Establishment of the Central Illinois Jewish Communities Archives/Mervis Archives at the University of Illinois

The Danville Jewish Community is proud to announce the establishment of the Central Illinois Jewish Communities Archives/Mervis Archives in the University of Illinois Champaign-Urbana Library’s Illinois History and Lincoln Collections.

The newly established archives will preserve the contributions of once-thriving small Jewish communities across the center of Illinois outside of major urban centers. The materials include histories of businesses and their owners, which sustained the towns, contributions made by the Jewish residents, information about local rabbis and Jewish leaders, as well as many other historical documents.

“We are excited about the preservation of this history of small-town Jewish immigrant contributions and life during the 20th century,” said Sybil Mervis, a Jewish community leader from Danville, IL.

The initiative to create the archives came from Mrs. Mervis, a longtime leader in the Illinois Jewish communities of Danville and Bloomington, who collected many of the Danville Jewish Community’s documents over the years, after a conversation with Erez Cohen, the executive director of Hillel at the University of Illinois. The two reached out to the director of the University of Illinois’ Program in Jewish Culture & Society, Dr. Dara Goldman, who welcomed the idea and established the connection with the University Library. The archives will include the oral histories of members of the communities, who will be interviewed and whose life stories will be documented.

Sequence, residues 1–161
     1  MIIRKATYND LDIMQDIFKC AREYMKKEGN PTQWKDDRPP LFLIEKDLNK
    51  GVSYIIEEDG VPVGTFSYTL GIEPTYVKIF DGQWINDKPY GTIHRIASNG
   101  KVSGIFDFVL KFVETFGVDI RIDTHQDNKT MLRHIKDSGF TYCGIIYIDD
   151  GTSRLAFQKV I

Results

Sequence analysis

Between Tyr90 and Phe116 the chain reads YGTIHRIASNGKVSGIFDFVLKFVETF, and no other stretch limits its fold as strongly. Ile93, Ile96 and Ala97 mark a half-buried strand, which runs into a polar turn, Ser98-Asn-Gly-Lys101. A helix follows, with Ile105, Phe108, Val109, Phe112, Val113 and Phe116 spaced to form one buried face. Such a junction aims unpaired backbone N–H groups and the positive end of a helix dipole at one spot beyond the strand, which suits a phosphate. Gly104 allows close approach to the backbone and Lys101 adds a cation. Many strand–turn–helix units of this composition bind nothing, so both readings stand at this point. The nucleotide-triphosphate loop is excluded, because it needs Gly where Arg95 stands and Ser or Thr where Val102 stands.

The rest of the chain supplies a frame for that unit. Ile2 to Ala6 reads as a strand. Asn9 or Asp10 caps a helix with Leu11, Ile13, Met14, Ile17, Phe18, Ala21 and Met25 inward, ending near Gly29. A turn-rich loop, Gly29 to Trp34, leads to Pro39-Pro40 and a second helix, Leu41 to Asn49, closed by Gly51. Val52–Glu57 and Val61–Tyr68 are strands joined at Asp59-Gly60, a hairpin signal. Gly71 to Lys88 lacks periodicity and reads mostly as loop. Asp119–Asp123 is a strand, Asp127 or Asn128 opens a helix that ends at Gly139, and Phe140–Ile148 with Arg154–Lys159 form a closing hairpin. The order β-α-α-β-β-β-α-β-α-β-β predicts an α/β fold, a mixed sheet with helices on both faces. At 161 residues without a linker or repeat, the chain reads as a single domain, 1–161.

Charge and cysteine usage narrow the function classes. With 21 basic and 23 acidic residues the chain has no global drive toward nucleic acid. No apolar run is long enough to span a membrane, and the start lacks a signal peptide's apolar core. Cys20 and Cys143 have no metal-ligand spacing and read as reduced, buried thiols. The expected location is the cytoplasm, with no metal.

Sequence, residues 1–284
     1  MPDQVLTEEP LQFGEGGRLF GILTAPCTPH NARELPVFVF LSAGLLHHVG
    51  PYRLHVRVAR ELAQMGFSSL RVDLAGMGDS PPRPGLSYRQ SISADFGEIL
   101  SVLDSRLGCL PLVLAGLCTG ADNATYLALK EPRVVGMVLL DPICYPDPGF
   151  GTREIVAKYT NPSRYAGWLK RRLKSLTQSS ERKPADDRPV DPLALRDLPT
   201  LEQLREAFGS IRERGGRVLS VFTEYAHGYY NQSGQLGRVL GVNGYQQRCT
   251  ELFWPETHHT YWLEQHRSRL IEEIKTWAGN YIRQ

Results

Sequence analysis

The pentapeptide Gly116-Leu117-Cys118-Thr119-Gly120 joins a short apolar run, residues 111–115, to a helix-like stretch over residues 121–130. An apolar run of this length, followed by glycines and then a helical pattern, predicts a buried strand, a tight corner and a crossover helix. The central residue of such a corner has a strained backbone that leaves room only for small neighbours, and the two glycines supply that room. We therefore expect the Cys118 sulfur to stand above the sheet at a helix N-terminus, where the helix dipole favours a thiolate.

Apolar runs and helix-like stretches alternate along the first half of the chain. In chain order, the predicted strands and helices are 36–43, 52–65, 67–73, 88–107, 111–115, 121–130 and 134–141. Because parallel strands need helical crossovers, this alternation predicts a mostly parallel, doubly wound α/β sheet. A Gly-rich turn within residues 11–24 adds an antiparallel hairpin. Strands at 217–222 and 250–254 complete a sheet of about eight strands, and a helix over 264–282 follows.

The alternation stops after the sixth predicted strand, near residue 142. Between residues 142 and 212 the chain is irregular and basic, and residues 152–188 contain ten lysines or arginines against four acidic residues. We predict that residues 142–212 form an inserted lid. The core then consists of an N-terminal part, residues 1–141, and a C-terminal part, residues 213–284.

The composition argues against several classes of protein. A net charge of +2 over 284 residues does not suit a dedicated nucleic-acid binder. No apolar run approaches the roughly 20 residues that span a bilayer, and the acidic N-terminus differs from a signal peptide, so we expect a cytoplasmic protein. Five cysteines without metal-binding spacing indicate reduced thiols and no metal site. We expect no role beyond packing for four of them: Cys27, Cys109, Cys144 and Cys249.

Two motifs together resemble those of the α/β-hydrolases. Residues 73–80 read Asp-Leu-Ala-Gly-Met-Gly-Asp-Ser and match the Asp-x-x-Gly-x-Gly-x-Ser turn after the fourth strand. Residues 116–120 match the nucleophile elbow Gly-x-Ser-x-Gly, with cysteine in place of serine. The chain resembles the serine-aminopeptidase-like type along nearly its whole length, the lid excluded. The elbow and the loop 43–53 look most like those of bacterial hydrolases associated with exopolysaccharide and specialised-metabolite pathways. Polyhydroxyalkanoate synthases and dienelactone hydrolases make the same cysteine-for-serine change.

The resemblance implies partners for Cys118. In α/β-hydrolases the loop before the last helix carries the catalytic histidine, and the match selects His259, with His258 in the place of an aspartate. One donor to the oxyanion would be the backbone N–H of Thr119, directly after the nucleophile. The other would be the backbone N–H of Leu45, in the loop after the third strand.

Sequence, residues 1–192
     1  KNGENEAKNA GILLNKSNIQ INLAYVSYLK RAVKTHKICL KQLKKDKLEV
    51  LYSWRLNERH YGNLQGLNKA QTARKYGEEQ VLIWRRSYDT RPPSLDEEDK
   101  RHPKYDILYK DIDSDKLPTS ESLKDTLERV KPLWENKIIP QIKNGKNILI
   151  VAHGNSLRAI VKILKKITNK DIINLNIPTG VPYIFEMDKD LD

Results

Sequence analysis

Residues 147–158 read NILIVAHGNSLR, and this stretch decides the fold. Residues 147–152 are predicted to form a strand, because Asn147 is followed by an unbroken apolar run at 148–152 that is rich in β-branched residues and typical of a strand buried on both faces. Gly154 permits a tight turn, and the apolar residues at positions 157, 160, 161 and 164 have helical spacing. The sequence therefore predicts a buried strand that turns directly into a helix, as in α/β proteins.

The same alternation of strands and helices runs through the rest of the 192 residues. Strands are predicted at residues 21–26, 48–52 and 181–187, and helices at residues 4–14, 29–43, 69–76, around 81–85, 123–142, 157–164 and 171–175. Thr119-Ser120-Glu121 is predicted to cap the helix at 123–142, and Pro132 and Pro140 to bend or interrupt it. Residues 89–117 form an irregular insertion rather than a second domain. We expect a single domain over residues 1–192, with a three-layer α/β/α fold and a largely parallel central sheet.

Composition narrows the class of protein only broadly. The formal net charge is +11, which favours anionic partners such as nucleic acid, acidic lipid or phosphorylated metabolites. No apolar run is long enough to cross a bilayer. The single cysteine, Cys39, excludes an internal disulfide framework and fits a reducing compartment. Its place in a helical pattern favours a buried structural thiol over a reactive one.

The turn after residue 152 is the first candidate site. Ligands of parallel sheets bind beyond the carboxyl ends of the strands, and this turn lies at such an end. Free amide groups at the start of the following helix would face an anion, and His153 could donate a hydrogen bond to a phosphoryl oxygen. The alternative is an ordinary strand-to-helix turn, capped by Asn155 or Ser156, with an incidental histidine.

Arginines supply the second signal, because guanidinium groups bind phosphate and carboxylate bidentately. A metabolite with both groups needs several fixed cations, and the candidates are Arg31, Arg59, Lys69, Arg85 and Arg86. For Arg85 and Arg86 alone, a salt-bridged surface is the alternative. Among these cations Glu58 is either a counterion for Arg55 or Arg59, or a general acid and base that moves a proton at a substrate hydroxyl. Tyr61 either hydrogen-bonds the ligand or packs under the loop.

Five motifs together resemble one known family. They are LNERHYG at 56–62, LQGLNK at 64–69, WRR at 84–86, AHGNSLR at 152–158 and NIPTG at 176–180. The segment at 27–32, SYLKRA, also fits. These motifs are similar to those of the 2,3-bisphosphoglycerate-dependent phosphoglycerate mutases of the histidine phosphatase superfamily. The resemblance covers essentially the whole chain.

“Life stories are a vital source of information that cannot be otherwise revealed. They allow us to expand our knowledge in new ways and directions, and reach a more multilayered and accurate historic picture,” said Dr. Liat Alon, Israel Institute/Israel Studies Project Teaching Fellow, who teaches students how to conduct research with archival documents and to collect individual life stories.

“Illinois’ rich Jewish history in small towns tells an important chapter in American Jewish history. It is great to see that this history will be preserved in the academic center of the state of Illinois,” said Erez Cohen, Hillel’s Executive Director.

The records will be housed in the Illinois History and Lincoln Collections at the University of Illinois Library and open to all interested parties, including academics and other researchers, students, and the public. The Illinois History and Lincoln Collections welcomes other small congregations and/or individuals across central Illinois (for example, from Mattoon, Quincy and Decatur, etc.) to inquire, if interested, about the possibility of contributing their records to the archives as well.

“The establishment of these archives provides a critical contribution to future research and engagement with the stories and contributions of Jewish communities in central Illinois,” said Krista Gray, Archives Program Officer for the Illinois History and Lincoln Collections.  “We are grateful to have the opportunity to preserve and make these materials more broadly accessible at the University of Illinois Library.”

A University of Illinois graduate student assistant in Library Science has begun working on the arrangement and description of the records. The initial contributions to the archives are expected to become available to researchers by late spring 2022.